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Health Highlights: Nov. 29, 2002

Powell Asks Diplomatic Corps to Relay AIDS Message Renewed Warnings for Mixed Party Drugs Turkey Is Not That Good for You: Report Most Americans Feeling Stuffed, Poll Shows Return Home Delayed for Surgically Separated Twins States Told to Speed Up Plans for Smallpox Vaccinations

Here are some of the latest health and medical news developments, compiled by editors of The HealthDay Service:

Powell Asks Diplomatic Corps to Relay AIDS Message

In a U.S. State Department ceremony to mark World Aids Day Sunday, Secretary of State Colin Powell will ask the entire diplomatic corps to relay a message to their governments that their leadership is a vital part of the battle against HIV/AIDS.

Jack Chow, the U.S. ambassador on the AIDS issue, said when national political leaders address the problem publicly and commit to a course of action, they can make a difference, the Associated Press reports.

Chow cites the example of Ugandan President Yoweri Museveni who supervised the development of a center for AIDS research studies. Museveni "made a tangible, concrete difference at the grass roots level," said Chow.

Cheaper treatment costs for AIDS makes an entreaty to world governments to assume leadership roles in the struggle more feasible. When antiretrovirals first came on the market, a year's supply cost a patient between $10,000 and $12,000, said Chow. Some of them now cost as little as a few hundred dollars a year.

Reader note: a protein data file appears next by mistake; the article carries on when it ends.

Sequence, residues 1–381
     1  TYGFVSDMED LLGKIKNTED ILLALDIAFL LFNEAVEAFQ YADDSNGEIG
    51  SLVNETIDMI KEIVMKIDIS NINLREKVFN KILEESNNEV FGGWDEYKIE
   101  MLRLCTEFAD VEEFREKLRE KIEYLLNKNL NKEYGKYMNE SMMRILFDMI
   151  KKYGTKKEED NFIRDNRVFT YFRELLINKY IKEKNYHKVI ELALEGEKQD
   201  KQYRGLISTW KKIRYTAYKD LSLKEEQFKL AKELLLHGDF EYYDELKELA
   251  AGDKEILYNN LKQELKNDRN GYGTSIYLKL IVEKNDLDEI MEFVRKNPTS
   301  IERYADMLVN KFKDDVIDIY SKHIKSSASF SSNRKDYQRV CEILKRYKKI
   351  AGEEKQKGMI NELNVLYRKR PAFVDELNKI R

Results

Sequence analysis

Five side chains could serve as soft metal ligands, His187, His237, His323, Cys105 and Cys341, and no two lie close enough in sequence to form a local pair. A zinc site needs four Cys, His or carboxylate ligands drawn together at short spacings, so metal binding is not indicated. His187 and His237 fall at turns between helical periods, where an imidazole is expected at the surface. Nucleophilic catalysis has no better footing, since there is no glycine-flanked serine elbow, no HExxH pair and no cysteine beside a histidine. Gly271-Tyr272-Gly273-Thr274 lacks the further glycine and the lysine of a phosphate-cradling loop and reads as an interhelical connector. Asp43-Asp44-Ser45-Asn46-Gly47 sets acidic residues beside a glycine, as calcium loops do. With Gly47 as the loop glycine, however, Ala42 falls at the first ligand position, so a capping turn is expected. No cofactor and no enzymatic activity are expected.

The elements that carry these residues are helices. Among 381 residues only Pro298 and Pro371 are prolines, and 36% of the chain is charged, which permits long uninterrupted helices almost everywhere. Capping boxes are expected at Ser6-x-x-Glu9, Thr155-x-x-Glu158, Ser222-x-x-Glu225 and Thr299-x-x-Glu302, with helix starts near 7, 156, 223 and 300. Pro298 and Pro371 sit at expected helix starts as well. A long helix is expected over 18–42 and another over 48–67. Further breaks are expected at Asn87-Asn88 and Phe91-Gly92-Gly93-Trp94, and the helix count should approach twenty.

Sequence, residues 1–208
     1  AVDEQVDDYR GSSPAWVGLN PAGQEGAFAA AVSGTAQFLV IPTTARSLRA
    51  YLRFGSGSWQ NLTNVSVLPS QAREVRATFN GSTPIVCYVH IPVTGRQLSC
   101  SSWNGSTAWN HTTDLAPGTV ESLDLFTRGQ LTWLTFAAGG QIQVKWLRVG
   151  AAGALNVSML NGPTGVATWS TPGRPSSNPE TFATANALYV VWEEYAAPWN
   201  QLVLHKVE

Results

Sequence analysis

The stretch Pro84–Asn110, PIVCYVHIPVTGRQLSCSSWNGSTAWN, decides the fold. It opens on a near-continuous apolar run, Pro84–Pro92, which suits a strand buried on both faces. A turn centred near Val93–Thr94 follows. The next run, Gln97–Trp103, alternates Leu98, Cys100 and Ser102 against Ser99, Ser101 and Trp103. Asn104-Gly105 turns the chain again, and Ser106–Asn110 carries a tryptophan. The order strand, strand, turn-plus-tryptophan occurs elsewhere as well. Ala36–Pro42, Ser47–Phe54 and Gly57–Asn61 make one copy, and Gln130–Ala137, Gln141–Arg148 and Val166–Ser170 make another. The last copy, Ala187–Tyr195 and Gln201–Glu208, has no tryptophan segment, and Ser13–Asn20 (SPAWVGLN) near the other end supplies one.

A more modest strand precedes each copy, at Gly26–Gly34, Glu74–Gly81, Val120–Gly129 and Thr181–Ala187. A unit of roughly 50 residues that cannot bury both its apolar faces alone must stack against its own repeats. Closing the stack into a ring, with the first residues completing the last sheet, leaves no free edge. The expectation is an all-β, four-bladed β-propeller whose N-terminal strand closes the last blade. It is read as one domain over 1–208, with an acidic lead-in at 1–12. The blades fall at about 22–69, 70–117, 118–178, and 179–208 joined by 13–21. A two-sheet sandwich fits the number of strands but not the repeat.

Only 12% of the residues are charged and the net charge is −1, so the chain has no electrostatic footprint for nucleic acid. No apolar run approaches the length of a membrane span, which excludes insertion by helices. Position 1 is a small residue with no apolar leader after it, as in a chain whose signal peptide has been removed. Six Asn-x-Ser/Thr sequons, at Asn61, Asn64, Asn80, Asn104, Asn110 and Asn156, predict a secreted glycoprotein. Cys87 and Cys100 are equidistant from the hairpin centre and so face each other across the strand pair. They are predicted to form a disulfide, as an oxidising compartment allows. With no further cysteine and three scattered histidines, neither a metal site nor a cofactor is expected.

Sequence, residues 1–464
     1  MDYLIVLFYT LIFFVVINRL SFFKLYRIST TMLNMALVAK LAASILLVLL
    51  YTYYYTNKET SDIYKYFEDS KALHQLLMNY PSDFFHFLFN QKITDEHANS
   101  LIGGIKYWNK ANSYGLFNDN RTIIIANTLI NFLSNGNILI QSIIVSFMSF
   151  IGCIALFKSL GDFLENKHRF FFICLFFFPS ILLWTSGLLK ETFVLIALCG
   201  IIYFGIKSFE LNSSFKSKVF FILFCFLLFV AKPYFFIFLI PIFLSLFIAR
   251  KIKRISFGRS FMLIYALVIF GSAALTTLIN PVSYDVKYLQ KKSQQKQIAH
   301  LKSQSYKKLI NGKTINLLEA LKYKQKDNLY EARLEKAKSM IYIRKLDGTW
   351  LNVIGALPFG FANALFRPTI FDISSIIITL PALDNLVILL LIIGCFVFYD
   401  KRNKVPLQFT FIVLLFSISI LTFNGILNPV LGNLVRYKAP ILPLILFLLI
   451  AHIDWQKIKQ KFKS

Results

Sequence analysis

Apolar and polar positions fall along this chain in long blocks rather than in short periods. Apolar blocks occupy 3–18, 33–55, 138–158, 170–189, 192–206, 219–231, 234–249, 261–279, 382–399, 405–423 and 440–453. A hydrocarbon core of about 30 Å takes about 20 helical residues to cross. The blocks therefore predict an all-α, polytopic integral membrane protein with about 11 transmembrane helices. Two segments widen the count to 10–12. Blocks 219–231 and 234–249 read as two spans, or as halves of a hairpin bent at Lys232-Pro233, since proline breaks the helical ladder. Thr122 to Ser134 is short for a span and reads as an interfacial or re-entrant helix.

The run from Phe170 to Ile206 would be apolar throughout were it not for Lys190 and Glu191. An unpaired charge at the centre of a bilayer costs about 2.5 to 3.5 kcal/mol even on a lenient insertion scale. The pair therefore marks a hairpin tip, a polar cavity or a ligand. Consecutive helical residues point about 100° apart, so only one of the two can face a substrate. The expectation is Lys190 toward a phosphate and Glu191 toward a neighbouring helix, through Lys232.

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Renewed Warnings for Mixed Party Drugs

Poly-drug use -- taking a different drugs at the same time -- has been around for some time, but now a new mix of Ecstasy and Viagra has health officials renewing their warnings about the dangers of drugs and the added risks when they are combined.

Sextasy, the street name for the latest mix, is being packaged and sold by dealers in Australia and New Zealand. While narcotic officers in the United States say they haven't yet discovered any Viagra during their Ecstasy investigations, Sgt. Eric Barden, supervisor of the Seattle Police Department's narcotics section, said they haven't been looking for it either, The Baltimore Sun reports.

But some doctors and other health officials say they know from their patients that the two drugs are being taken together, especially at private parties and among the gay community in Seattle's bathhouses. The reason behind the mix is while Ecstasy can lead to fewer inhibitions, it can also prevent or obstruct erections in men.

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Turkey Is Not That Good for You: Report

Now that you're facing all that leftover turkey, you might not want to hear this latest health item.

CBS reports that browned, crispy foods, like that Thanksgiving turkey, are loaded with proteins called AGEs, which interact with sugar in the body to cause hardening of the arteries. They are particularly dangerous to Type II diabetics who can't regulate blood sugar.

"AGEs are deposited everywhere over time in the kidneys, in the vessels of the eyes, and they have been implicated in all of these major complications from diabetes," Mt. Sinai School of Medicine endocrinologist Dr. Helen Vlassara told CBS.